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Mg++ and Ca++ in ppm

(Paul Sears)

>> The issue is NOT:
>> "are we analytically-enlightened individuals able to apply conversion
>> factors?" 
>	If you want Mg++ and Ca++ in ppm, you will have to do _some_
>calculations after using your test kits. 

There can and should be information about these calculations in the
instructions for the test kit. Just like the Ca specific test kits says:
multiple DH by 17.9 to get calcium hardness in ppm (or visa versa), they
can say multiple by 7.2 to get Ca++ in ppm. Similarly, mult. by 4.3 for Mg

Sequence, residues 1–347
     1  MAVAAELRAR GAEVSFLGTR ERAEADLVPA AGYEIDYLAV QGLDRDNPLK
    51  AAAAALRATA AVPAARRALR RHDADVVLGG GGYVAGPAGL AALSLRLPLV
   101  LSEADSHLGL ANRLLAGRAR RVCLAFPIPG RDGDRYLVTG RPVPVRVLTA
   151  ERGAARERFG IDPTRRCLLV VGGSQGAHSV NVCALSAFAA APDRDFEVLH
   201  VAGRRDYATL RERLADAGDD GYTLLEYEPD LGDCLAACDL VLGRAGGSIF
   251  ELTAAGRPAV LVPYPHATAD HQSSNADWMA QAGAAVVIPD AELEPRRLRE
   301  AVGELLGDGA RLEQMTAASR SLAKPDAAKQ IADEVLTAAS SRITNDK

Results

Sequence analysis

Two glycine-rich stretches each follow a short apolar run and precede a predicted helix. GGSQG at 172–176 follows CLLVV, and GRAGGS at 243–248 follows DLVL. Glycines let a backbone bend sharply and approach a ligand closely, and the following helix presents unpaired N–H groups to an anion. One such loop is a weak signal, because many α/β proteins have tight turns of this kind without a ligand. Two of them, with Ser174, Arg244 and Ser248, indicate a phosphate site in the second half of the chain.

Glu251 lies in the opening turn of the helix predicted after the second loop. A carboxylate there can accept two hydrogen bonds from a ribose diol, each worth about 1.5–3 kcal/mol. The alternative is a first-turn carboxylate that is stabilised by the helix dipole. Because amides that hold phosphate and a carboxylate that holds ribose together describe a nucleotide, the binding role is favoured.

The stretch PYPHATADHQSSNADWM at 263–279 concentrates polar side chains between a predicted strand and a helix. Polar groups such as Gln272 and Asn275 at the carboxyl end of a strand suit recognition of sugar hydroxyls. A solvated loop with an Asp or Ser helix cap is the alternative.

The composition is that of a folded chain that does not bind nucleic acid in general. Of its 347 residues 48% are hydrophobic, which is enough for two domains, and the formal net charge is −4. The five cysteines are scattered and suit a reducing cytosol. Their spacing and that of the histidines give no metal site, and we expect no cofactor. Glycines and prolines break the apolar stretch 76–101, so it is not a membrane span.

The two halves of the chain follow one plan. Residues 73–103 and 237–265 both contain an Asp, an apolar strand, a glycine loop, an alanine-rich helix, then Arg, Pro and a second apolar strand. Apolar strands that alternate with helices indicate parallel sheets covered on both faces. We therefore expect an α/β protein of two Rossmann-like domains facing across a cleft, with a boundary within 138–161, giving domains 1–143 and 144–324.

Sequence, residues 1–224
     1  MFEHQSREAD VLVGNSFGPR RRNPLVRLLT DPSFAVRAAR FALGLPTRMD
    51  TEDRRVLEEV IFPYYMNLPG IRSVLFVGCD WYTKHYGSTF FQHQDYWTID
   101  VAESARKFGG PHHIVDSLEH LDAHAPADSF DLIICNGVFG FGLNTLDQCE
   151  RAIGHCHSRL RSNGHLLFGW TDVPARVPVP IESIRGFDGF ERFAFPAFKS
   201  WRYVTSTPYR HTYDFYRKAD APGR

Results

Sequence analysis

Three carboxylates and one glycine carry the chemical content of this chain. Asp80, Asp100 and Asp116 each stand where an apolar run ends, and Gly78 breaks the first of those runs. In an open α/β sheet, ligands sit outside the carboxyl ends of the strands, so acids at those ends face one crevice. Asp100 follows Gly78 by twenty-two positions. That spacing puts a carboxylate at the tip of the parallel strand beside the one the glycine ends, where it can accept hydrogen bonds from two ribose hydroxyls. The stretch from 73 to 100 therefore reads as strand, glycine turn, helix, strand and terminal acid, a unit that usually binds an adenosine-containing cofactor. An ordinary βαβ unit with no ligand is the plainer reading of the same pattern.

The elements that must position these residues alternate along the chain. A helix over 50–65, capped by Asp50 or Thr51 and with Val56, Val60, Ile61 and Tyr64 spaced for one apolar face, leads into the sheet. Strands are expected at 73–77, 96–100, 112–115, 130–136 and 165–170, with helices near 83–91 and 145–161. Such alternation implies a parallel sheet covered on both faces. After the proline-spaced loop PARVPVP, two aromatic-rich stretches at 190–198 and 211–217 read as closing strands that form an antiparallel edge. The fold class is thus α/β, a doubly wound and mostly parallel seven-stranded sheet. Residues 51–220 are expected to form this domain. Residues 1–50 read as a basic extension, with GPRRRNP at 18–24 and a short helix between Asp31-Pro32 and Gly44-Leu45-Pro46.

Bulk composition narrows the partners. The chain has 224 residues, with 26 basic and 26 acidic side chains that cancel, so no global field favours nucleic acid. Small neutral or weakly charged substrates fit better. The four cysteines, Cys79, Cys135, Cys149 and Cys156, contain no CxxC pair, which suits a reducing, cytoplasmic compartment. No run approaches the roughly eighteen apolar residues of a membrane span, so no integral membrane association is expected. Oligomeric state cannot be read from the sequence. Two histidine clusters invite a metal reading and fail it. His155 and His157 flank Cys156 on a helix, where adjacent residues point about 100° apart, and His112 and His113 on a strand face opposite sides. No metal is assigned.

(this only applies to a Ca and Mg specific tests)

Or for the more sophisticated test kits that already present their results
in ppm hardness, they can and should say: multiple ppm hardness by 0.40 and
0.24 to get Ca++ and Mg++ respectively. [I am merely summarizing what
PaulS. and GeorgeS. have already said, for practice. They do a nice job of
correcting me when I screw up <g>] 

Nfrank, AGA